7. “An die Freude” by Schiller

Freude, schöner Götterfunken,
Tochter aus Elysium,
Wir betreten feuertrunken,
Himmlische, dein Heiligtum!
Deine Zauber binden wieder,
Was die Mode streng geteilt;
Alle Menschen werden Brüder,
Wo dein sanfter Flügel weilt.
Wem der große Wurf gelungen,
Eines Freundes Freund zu sein;
Wer ein holdes Weib errungen,
Mische seinen Jubel ein!
Ja, wer auch nur eine Seele
Sein nennt auf dem Erdenrund!
Und wer’s nie gekonnt, der stehle
Weinend sich aus diesem Bund!
Freude trinken alle Wesen
An den Brüsten der Natur;
Alle Guten, alle Bösen
Folgen ihrer Rosenspur.
Küsse gab sie uns und Reben,
Einen Freund, geprüft im Tod;
Wollust ward dem Wurm gegeben,
Und der Cherub steht vor Gott.
Froh, wie seine Sonnen fliegen
Durch des Himmels prächt’gen Plan,
Laufet, Brüder, eure Bahn,
Freudig, wie ein Held zum Siegen.
Seid umschlungen, Millionen!
Diesen Kuß der ganzen Welt!
Brüder, über’m Sternenzelt
Muß ein lieber Vater wohnen.
Ihr stürzt nieder, Millionen?
Ahnest du den Schöpfer, Welt?
Such’ ihn über’m Sternenzelt!
Über Sternen muß er wohnen.

Joy, beautiful spark of the gods,
Daughter of Elysium,
We enter, fire-drunk,
Heavenly One, your shrine.
Your magic binds again
What custom has strictly parted.
All men become brothers,
Where your gentle wing abides.
Who has succeeded in the great attempt,
To be a friend’s friend,
Whoever has won a lovely woman,
Add in his jubilation!
Indeed, who calls even one soul
His own on the earth’s sphere!
And whoever never managed it should slink
Weeping from this union!
All creatures drink of joy
At nature’s breast.
Just and unjust
Alike taste of her gift;
A tried friend to the end.
Even the worm has been granted sensuality,
And the cherub stands before God!
Gladly, as His heavenly bodies fly
On their courses through the heavens,
Thus, brothers, you should run your race,
As a hero going to conquest.
You millions, I embrace you.
This kiss is for all the world!
Brothers, above the starry canopy
There must dwell a loving Father.
Are you collapsing, millions?
Do you sense the creator, world?
Seek Him above the starry canopy!
Above stars must He dwell.

Who was Schiller?

Painting of Schiller

Johann Christoph Friedrich von Schiller was a remarkable figure in German history, known as a renowned poet, philosopher and playwright. Schiller’s writings explored profound themes like freedom, the intrinsic worth of every human being and the pursuit of higher ideals. Some of his most notable creations include “William Tell,” “The Robbers,” and the renowned poem (included here) “Ode to Joy,” which was beautifully set to music by Beethoven.

What grammar and vocabulary can I learn from this poem?

  • Subjunctive Mood (Konjunktiv): The poem makes use of the subjunctive mood, particularly in expressing wishes and hypothetical situations. The verb binden (to bind) is in the subjunctive mood (binden wieder instead of the indicative binden wiederbindet). This usage creates a hypothetical scenario, suggesting that the “magic” in the poem has the potential power to unite, rather than stating it as a concrete fact.
  • Emotions and Feelings: The poem contains vocabulary related to emotions and feelings, such as “Freude” (joy), “Liebe” (love) and “Wonne” (bliss).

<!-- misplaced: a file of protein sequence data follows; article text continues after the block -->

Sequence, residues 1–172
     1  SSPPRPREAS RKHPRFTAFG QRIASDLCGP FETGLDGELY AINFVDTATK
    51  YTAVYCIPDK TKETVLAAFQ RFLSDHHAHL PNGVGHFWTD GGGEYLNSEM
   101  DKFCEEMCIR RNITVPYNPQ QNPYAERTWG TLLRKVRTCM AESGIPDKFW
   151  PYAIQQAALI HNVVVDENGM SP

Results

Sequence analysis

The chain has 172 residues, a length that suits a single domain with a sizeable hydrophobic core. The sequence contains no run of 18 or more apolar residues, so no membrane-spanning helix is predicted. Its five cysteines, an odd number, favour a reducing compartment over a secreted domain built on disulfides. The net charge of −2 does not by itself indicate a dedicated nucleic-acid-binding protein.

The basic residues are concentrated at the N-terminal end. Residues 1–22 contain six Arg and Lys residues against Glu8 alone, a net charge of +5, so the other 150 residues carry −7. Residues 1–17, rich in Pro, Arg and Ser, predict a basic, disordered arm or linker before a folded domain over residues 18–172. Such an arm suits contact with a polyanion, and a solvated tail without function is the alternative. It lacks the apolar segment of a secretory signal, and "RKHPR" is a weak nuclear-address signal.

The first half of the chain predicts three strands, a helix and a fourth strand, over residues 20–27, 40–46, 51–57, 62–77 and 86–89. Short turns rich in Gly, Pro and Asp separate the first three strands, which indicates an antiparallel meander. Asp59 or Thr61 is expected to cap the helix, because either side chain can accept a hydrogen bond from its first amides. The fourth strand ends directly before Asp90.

8. “Der Panther” by Rilke

Sein Blick ist vom Vorübergehn der Stäbe
so müd geworden, dass er nichts mehr hält.
Ihm ist, als ob es tausend Stäbe gäbe
und hinter tausend Stäben keine Welt.
Der weiche Gang geschmeidig starker Schritte,
der sich im allerkleinsten Kreise dreht,
ist wie ein Tanz von Kraft um eine Mitte,
in der betäubt ein großer Wille steht.
Nur manchmal schiebt der Vorhang der Pupille
sich lautlos auf –. Dann geht ein Bild hinein,
geht durch der Glieder angespannte Stille –,
und hört im Herzen auf zu sein.

His vision, from the constantly passing bars,
has grown so weary that it cannot hold
anything else. It seems to him there are
a thousand bars; and behind the bars, no world.
As he paces in cramped circles, over and over,
the movement of his powerful soft strides
is like a ritual dance around a center
in which a mighty will stands paralyzed.
Only at times, the curtain of the pupils
lifts, quietly—. An image enters in,
rushes down through the tensed, arrested muscles,
plunges into the heart and is gone again.

What grammar and vocabulary can I learn from this poem?

  • Adjectives and Their Declensions: The poem features adjectives describing the panther. For example, the adjective müd (weary) is declined to match the masculine nominative singular form sein Blick (his gaze). The adjective müd takes the ending -d in this case.
  • Cognates with English: Since English is a Germanic language, there are plenty of cognates, such as Panther (panther).

 

See, German can be a very poetic language if you know where to look. You can even learn a little about German grammar and vocabulary from them, which isn’t bad either.

And One More Thing...

Want to know the key to learning German effectively?

It's using the right content and tools, like FluentU has to offer! Browse hundreds of videos, take endless quizzes and master the German language faster than you've ever imagine!

learn-german-with-videos

Watching a fun video, but having trouble understanding it? FluentU brings native videos within reach with interactive subtitles.

learn-german-with-interactive-videos

You can tap on any word to look it up instantly. Every definition has examples that have been written to help you understand how the word is used. If you see an interesting word you don't know, you can add it to a vocabulary list.

learn-conversational-german-with-subtitled-dialogue

And FluentU isn't just for watching videos. It's a complete platform for learning. It's designed to effectively teach you all the vocabulary from any video. Swipe left or right to see more examples of the word you're on.

practice-german-with-adaptive-quizzes

The best part is that FluentU keeps track of the vocabulary that you're learning, and gives you extra practice with difficult words. It'll even remind you when it’s time to review what you’ve learned.

Start using the FluentU website on your computer or tablet or, better yet, download the FluentU app from the iTunes or Google Play store. Click here to take advantage of our current sale! (Expires at the end of this month.)

Enter your e-mail address to get your free PDF!

We hate SPAM and promise to keep your email address safe

Close